Masterbuilders president urges gov't to initiate review of delisted contractors
The president of the Incorporated Masterbuilders Association (IMAJ) is urging the Government to conduct a review of the re-registration of contractors by the National Contracts Commission (NCC).
Carvel Stewart was speaking to members at a logistics hub symposium organised by IMAJ and sponsored by the Jamaica National Building Society late last week.
The IMAJ president's call comes five years after some 84 contractors were removed from the list of entities approved by the NCC in 2009, following an investigation by the Office of the Contractor General. The contractors had been cited for giving fraudulent information to win Government contracts.
However, in May Transport and Works Minister Dr Omar Davies told Parliament that while the police concluded that there were errors in the registration of the contractors, the actions of the contractors did not amount to fraud. The Government had reported, at the time, that 65 of the 84 contractors had been invited to reapply to the NCC, while 15 were still being investigated by the fraud squad.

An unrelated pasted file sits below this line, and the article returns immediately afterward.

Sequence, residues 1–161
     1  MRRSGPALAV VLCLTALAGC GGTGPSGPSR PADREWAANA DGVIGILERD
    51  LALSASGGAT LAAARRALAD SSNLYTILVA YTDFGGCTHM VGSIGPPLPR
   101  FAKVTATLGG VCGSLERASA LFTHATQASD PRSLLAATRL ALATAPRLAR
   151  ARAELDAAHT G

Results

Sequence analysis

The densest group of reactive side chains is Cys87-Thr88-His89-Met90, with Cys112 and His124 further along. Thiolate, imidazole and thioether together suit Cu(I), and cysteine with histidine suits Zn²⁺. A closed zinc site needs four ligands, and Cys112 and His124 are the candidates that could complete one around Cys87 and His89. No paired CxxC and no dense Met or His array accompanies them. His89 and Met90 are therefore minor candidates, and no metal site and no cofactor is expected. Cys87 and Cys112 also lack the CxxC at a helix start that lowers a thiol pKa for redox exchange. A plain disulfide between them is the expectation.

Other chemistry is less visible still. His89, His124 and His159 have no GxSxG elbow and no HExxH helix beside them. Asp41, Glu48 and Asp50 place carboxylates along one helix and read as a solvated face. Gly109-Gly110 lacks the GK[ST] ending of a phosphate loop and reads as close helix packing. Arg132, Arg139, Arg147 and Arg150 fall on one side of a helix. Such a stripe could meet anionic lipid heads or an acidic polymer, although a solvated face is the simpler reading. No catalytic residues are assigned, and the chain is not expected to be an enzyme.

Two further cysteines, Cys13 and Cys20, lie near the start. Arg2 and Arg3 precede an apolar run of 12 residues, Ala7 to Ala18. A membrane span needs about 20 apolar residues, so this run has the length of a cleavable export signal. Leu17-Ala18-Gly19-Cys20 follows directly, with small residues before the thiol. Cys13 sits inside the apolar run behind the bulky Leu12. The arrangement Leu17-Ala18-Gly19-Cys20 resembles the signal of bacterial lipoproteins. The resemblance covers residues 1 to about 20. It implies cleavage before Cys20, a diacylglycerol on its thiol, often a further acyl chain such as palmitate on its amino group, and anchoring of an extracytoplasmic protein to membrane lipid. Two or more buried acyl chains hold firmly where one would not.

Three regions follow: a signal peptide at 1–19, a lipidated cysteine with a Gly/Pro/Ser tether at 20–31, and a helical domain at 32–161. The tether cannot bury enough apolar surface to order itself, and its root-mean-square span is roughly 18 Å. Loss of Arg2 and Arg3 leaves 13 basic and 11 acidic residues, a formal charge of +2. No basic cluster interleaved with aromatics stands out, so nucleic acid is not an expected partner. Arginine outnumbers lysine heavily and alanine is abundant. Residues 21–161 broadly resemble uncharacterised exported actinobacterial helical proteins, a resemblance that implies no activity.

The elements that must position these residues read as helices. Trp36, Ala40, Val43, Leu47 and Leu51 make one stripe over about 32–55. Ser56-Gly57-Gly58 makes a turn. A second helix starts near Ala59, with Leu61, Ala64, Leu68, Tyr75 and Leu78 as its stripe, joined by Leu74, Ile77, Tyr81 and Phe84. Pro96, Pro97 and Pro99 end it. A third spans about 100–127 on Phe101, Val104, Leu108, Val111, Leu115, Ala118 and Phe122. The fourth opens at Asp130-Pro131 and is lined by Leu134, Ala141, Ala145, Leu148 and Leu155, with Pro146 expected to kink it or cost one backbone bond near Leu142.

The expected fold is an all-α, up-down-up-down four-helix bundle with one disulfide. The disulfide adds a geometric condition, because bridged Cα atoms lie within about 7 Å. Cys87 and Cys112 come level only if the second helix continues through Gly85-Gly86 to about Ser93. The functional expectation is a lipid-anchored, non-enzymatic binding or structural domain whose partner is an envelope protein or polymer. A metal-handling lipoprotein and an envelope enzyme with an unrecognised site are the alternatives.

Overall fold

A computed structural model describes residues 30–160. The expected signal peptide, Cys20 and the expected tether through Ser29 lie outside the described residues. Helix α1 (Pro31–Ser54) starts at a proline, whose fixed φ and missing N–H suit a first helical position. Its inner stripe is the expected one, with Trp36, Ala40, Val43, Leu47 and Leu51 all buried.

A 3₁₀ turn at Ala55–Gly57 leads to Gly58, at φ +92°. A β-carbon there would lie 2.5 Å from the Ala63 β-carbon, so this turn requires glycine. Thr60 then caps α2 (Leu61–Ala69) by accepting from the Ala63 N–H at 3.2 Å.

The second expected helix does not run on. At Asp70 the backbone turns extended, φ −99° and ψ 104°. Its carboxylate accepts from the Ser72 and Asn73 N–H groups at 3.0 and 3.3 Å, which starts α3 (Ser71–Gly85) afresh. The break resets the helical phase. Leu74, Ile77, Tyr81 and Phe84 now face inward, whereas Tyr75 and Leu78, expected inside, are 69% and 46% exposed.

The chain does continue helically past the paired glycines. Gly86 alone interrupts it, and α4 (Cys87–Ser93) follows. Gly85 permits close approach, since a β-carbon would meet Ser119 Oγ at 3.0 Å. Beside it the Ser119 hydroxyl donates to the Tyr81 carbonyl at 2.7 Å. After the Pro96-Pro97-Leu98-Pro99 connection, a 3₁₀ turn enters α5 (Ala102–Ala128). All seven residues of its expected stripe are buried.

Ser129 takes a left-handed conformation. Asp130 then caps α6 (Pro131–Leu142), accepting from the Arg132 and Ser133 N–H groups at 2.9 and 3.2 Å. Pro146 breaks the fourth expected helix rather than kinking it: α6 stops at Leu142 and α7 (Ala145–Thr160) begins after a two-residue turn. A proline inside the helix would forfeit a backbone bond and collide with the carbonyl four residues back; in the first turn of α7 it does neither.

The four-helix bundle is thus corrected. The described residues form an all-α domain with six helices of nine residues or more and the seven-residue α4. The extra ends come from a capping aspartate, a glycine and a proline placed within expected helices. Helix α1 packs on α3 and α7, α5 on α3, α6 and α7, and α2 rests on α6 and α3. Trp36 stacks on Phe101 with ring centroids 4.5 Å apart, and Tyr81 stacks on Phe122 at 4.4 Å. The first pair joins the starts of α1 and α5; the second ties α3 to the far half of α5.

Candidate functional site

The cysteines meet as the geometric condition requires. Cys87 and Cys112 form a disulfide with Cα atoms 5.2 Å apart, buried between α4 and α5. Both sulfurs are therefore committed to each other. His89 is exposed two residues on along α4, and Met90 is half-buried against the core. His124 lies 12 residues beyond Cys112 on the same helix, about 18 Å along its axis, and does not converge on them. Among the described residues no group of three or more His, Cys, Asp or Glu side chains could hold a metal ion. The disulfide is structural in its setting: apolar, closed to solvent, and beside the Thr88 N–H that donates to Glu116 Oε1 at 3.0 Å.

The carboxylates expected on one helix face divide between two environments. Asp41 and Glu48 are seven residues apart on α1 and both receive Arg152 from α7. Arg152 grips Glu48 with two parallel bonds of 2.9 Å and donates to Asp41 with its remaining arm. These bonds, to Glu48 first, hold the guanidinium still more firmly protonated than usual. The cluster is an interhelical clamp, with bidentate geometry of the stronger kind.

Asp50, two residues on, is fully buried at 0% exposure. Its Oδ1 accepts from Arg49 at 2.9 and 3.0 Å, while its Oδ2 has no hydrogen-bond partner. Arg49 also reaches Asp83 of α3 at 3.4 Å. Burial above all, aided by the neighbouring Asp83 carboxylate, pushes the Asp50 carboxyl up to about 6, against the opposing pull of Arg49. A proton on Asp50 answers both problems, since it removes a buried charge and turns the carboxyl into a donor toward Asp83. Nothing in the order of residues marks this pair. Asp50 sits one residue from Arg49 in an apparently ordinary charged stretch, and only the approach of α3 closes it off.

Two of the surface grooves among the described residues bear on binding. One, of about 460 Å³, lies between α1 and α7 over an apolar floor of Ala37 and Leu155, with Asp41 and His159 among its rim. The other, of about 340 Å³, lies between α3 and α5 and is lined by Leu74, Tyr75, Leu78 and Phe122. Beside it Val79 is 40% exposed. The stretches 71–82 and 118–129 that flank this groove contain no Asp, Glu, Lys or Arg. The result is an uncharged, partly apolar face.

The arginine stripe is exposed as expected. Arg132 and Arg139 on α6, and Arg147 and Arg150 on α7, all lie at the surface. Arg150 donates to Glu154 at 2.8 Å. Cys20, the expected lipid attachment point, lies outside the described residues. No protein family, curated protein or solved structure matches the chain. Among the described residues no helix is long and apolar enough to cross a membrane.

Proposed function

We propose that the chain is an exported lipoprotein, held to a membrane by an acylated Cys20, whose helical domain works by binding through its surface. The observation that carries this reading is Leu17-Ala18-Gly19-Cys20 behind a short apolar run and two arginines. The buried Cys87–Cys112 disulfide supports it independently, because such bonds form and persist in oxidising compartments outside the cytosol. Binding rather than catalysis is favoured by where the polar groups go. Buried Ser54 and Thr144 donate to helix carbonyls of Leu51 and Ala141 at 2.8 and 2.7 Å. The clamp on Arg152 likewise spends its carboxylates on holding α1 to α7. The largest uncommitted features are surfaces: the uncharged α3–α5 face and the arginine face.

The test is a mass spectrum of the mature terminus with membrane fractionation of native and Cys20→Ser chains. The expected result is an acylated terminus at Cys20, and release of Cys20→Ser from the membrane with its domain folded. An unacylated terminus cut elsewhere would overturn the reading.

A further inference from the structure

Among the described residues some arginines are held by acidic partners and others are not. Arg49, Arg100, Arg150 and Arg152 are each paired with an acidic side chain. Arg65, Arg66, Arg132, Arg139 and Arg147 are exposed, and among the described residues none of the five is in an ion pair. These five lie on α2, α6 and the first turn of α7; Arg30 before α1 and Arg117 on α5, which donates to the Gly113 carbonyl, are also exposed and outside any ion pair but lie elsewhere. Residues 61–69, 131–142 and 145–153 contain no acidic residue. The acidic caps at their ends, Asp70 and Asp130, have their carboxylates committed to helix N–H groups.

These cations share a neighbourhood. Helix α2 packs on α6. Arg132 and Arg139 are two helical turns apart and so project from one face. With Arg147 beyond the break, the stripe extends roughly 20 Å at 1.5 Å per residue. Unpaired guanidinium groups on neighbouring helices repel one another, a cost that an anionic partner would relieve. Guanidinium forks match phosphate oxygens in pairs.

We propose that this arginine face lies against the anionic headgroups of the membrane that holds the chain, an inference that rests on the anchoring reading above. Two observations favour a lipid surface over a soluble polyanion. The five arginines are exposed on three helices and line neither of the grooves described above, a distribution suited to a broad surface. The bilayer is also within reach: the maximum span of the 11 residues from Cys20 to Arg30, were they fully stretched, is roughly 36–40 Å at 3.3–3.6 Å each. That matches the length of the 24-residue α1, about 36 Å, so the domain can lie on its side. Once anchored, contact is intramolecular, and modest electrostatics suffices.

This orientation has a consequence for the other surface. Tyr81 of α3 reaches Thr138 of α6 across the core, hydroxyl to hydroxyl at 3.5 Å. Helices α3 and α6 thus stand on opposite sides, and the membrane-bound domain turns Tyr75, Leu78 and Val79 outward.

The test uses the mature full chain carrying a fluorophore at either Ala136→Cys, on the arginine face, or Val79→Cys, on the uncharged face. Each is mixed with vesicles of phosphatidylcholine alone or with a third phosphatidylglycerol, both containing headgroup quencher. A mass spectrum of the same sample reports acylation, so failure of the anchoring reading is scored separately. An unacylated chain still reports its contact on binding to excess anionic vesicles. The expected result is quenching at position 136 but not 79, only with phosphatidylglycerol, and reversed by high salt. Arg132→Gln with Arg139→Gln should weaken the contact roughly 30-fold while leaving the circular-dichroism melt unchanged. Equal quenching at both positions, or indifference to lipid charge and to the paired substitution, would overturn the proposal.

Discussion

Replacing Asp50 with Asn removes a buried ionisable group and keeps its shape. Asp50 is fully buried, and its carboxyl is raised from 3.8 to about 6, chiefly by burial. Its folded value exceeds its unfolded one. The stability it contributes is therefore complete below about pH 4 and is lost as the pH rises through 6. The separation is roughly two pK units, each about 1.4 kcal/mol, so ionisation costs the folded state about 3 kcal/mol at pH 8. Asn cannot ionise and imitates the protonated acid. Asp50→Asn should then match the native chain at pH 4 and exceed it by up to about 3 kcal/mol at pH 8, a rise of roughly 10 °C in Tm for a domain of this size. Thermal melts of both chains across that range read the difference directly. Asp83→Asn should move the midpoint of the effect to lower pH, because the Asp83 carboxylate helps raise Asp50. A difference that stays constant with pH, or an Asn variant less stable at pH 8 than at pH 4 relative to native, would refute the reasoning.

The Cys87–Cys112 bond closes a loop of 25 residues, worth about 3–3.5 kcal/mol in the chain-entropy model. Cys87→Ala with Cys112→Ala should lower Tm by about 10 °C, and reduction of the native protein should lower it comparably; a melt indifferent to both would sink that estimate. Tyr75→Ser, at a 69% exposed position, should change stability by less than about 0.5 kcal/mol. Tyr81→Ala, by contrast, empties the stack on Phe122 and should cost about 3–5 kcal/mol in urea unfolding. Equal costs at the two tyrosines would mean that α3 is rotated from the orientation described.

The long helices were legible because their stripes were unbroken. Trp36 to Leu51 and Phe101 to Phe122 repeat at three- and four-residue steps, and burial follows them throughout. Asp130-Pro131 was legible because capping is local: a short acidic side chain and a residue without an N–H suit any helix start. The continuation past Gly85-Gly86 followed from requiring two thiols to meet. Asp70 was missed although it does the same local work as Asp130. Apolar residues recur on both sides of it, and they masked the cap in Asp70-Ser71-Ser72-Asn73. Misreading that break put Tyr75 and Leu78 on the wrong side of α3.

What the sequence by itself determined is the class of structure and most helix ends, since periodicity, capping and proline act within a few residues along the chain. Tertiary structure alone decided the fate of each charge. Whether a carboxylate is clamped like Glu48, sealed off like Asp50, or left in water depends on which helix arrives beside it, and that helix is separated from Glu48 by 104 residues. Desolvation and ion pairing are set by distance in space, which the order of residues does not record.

But Stewart complained that there still needed to be a "proper review". He said the requirements for registration were onerous for local contractors.
He called for government support to "remove obstacles to access" and said Government should look at implementing a policy that mandates foreign companies to partner with local contractors to carry out local projects.
He added that the margin of preference given to local players for government contracts under the procurement guidelines should also be enforced.
But in opening the symposium, Davies said local contractors must be willing and prepared to collaborate with each other to strengthen their competitiveness against foreign companies, especially as the country takes steps to position itself as a global logistics hub.
According to the transport and works minister, several opportunities are to emerge with the expansion of the Kingston Harbour and privatisation of the Kingston Container Terminal, but he said local contractors will have to employ new approaches and partner with each other in order to make the best of the opportunities. He said there were now several foreign entities contracted to undertake jobs in Jamaica, which could have been done by local contractors.
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